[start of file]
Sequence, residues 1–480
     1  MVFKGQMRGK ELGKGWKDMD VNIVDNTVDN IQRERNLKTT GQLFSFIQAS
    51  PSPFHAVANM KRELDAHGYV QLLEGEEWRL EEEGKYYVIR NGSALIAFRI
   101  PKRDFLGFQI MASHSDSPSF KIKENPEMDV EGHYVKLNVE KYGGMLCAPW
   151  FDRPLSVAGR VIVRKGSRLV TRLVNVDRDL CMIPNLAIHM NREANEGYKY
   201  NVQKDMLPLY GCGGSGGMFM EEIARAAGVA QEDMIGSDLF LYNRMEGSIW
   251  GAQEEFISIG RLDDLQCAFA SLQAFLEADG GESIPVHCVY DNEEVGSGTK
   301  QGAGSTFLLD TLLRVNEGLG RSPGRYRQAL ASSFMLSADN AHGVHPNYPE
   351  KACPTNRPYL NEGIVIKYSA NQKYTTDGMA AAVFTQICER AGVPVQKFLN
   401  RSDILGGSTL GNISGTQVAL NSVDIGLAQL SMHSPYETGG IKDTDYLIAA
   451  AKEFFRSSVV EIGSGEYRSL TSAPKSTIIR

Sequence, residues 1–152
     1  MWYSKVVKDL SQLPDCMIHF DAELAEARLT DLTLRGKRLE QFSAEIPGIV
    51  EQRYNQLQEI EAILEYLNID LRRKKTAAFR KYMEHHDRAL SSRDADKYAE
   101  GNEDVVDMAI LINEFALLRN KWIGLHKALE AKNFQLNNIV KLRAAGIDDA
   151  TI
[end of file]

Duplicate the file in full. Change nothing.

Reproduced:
Sequence, residues 1–480
     1  MVFKGQMRGK ELGKGWKDMD VNIVDNTVDN IQRERNLKTT GQLFSFIQAS
    51  PSPFHAVANM KRELDAHGYV QLLEGEEWRL EEEGKYYVIR NGSALIAFRI
   101  PKRDFLGFQI MASHSDSPSF KIKENPEMDV EGHYVKLNVE KYGGMLCAPW
   151  FDRPLSVAGR VIVRKGSRLV TRLVNVDRDL CMIPNLAIHM NREANEGYKY
   201  NVQKDMLPLY GCGGSGGMFM EEIARAAGVA QEDMIGSDLF LYNRMEGSIW
   251  GAQEEFISIG RLDDLQCAFA SLQAFLEADG GESIPVHCVY DNEEVGSGTK
   301  QGAGSTFLLD TLLRVNEGLG RSPGRYRQAL ASSFMLSADN AHGVHPNYPE
   351  KACPTNRPYL NEGIVIKYSA NQKYTTDGMA AAVFTQICER AGVPVQKFLN
   401  RSDILGGSTL GNISGTQVAL NSVDIGLAQL SMHSPYETGG IKDTDYLIAA
   451  AKEFFRSSVV EIGSGEYRSL TSAPKSTIIR

Sequence, residues 1–152
     1  MWYSKVVKDL SQLPDCMIHF DAELAEARLT DLTLRGKRLE QFSAEIPGIV
    51  EQRYNQLQEI EAILEYLNID LRRKKTAAFR KYMEHHDRAL SSRDADKYAE
   101  GNEDVVDMAI LINEFALLRN KWIGLHKALE AKNFQLNNIV KLRAAGIDDA
   151  TI